Grant Award Amount: $449,929
Principal Investigators: Rosalie Corona, Ph.D., Professor and Director of Clinical Training, Department of Psychology
Collaborating Partner: The College of William & Mary, Virginia Tech
This project will address a local service need by culturally enhancing an evidence-based tobacco prevention intervention and determining the pilot efficacy of the culturally enhanced intervention. The research team will implement a Motivational Interviewing (Group Motivational Interviewing for Teens, GMIT) with Latinx adolescents. GMIT, like many other evidence-based substance-use prevention programs, does not address the risks of alternative tobacco products (ATPs). They will also integrate the VFHY module on ATPs into GMIT to create a more comprehensive tobacco-use prevention program (GMIT-ATP). Next the team will integrate a parenting component to the GMIT-ATP intervention (GMIT-ATP+P) and linguistically translate the interventions and address other surface level adaptations. Finally, the project team will conduct a pilot randomized-controlled trial to obtain preliminary efficacy data by comparing GMIT-ATP+P to GMIT-ATP on Latinx adolescents’ tobacco use outcomes.
Grant Award Amount: $450,000
Principal Investigator: Elizabeth Do, Ph.D., MPH Instructor, Department of Health Behavior & Policy, School of Medicine
Collaborating Partners: Research Unlimited LLC, Virginia Department of Behavioral Health and Developmental Services
To advance tobacco retail regulation policies in Virginia, data are needed to better characterize the tobacco retail landscape, how it changes with local and federal regulations, and how the landscape may influence the initiation of cigarette, e-cigarette, and dual use among youth. To address these points, the aims of this study are three-fold. First, the research team will characterize the existing tobacco landscape within Virginia using geospatial analyses, which is necessary for determining which areas/populations of Virginia are the most vulnerable, in terms of tobacco retail outlet (TRO) and vape shop outlet (VSO) exposure. Second, determine how local and federal regulations might affect TRO/VSO retail density. This is important to guide evidence-based policy initiatives that have the potential to reduce tobacco and e-cigarette use within the community, particularly among youth. Third, the research team will evaluate the association that TRO/VSO density, in and around areas frequented by youth, have on risk for cigarette, e-cigarette, and dual use among Virginia youth ages 11-15 years. Successful completion of this project will provide a comprehensive understanding of how various policies at the local and federal level impact TRO/VSO density within neighborhoods across Virginia and provide evidence determining to what effect TRO/VSO relate to cigarette, e-cigarette, and dual use among Virginia youth. Further, results from this study will help inform community-level policies targeting tobacco and e-cigarette use in youth via regulation of TRO/VSO density within the Commonwealth of Virginia.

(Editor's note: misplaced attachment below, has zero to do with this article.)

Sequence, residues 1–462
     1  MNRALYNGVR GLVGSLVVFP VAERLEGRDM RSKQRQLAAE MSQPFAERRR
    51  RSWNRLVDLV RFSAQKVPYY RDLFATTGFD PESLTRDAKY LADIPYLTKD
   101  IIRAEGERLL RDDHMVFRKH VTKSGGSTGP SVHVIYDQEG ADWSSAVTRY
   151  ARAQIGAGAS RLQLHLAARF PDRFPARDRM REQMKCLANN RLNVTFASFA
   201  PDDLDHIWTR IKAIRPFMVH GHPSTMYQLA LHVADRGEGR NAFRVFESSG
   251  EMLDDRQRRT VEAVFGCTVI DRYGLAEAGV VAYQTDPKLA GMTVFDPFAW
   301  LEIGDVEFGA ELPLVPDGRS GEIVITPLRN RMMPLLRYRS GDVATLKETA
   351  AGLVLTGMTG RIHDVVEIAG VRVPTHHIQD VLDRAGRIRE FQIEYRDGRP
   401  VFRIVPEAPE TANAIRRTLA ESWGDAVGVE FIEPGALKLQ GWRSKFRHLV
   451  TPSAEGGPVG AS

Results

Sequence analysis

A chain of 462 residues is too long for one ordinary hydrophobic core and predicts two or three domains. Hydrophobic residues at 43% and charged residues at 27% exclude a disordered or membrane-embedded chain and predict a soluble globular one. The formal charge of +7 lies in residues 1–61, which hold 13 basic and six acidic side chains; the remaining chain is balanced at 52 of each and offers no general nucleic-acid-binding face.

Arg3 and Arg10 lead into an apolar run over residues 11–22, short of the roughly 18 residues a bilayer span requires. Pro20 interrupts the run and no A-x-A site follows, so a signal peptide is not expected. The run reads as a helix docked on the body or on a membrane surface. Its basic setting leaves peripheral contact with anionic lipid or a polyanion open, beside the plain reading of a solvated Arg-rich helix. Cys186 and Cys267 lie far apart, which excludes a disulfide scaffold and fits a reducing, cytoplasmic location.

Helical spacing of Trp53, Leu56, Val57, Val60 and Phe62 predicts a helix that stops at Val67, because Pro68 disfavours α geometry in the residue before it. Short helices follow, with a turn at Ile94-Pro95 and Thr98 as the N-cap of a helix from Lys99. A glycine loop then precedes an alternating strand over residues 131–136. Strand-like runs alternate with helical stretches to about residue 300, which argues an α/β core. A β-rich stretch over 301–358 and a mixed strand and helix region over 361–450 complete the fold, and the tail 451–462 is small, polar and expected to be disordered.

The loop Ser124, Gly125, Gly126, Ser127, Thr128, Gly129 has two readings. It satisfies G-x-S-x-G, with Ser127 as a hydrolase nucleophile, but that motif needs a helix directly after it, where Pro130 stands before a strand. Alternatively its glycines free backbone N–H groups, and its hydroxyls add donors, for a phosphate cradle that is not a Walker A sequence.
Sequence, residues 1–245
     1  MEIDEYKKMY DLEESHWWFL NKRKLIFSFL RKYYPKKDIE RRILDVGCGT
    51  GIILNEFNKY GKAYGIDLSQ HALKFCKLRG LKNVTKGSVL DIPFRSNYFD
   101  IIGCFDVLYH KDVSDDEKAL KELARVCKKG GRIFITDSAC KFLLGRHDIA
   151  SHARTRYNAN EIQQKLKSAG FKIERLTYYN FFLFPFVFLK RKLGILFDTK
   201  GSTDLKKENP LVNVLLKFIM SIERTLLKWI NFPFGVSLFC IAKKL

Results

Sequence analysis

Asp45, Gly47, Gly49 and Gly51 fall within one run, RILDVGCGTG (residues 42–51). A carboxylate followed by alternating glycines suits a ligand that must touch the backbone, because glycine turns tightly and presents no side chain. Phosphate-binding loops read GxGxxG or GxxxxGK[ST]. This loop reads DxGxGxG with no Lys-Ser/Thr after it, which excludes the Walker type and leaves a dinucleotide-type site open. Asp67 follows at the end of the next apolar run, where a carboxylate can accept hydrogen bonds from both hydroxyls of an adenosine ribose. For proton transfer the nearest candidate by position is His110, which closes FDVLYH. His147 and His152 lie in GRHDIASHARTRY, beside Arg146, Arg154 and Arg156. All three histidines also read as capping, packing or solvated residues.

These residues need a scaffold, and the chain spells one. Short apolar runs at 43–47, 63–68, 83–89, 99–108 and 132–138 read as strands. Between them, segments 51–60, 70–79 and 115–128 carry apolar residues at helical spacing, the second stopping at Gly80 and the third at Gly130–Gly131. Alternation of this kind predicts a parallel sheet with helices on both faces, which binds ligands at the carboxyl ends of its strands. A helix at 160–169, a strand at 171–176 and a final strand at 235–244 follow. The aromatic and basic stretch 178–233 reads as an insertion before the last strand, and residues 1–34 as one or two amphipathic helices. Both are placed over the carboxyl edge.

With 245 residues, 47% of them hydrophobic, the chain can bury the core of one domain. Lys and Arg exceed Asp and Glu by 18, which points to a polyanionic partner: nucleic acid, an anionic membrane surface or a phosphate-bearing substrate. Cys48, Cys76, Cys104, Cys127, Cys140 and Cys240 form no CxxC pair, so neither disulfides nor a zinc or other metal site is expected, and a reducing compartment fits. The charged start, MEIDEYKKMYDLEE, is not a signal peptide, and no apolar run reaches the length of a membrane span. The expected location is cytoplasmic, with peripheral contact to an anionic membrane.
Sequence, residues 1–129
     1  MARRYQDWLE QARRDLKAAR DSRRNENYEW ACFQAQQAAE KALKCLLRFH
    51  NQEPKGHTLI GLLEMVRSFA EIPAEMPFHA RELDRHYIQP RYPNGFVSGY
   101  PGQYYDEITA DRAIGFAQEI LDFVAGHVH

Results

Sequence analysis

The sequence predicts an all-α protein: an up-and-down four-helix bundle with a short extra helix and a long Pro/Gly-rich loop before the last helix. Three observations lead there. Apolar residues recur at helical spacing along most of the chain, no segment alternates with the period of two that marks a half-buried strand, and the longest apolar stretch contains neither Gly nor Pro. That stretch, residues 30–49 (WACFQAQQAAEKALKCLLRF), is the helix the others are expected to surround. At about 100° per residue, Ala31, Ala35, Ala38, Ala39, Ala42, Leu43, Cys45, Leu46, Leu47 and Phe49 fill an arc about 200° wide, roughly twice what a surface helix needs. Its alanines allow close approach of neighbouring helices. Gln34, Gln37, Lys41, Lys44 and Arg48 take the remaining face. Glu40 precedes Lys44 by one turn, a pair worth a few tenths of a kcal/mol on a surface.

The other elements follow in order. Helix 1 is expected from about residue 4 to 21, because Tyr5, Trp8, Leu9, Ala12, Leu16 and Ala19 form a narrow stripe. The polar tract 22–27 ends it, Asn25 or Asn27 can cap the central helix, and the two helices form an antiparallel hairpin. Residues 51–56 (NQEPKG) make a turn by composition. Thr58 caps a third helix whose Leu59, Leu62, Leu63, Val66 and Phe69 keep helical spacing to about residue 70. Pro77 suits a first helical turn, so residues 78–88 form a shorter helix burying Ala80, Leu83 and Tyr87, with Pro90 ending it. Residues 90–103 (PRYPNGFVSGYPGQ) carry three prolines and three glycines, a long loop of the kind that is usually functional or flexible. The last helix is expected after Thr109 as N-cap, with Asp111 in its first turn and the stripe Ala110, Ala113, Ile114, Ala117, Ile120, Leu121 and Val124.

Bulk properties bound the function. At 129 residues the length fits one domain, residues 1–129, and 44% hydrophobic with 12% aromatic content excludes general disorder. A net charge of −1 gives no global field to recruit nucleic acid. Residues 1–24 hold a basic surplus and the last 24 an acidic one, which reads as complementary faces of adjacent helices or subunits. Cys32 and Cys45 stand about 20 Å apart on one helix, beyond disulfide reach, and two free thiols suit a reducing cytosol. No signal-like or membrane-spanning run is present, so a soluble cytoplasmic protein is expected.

Grant Award Amount: $449,356
Principal Investigator: Sunny Shin, Ph.D., Associate Professor, School of Social Work and School of Medicine Department of Psychiatry
Collaborating Partners: Virginia Department of Social Services, Virginia Homes for Boys and Girls, UMFS
The goal of the study is to evaluate the feasibility of adapting and implementing an evidence-based, personality-targeted, youth substance abuse prevention program called Preventure for adolescents who have adverse childhood experiences (ACEs). Exposure to ACEs, such as childhood exposure to maltreatment and household dysfunction, increases the risk of tobacco use during adolescence. ACEs is also associated with early onset of tobacco use and nicotine dependence in adulthood. Although increased vulnerability to tobacco use among youth with a history of ACEs is well documented, few tobacco prevention programs are available for this highly vulnerable population. The project is unique in that it is designed to modify and implement an evidence-based tobacco prevention program in the central region of Virginia with the long-term goal of disseminating the newly adapted preventive intervention throughout the state. This study will generate valuable knowledge about adaptations, barriers, and enablers to effective implementation of the youth tobacco prevention intervention in out-of-home care settings (e.g., family foster care, kinship care, treatment foster care, and residential and group care), and also test the efficacy of the preventive intervention with a population of youth known to be at risk for the eventual development of tobacco use.
Grant Award Amount: $450,000
Principal Investigator: J. Randy Koch, Ph.D., Center for Center for the Study of Tobacco Products
Collaborating Partners: The College of William & Mary, Eastern Virginia Medical School, George Mason University, James Madison University, Old Dominion University, Virginia Tech, University of Virginia, Virginia State University
The grant for the Virginia Youth Tobacco Projects (VYTP) includes the coordination and planning of the annual VYTP Research Coalition meetings, the Small Grants Program, a report summarizing and integrating VFHY-sponsored research and the triennial Research to Practice Conference. VYTP also facilitates the networking of VYTP researchers across Virginia.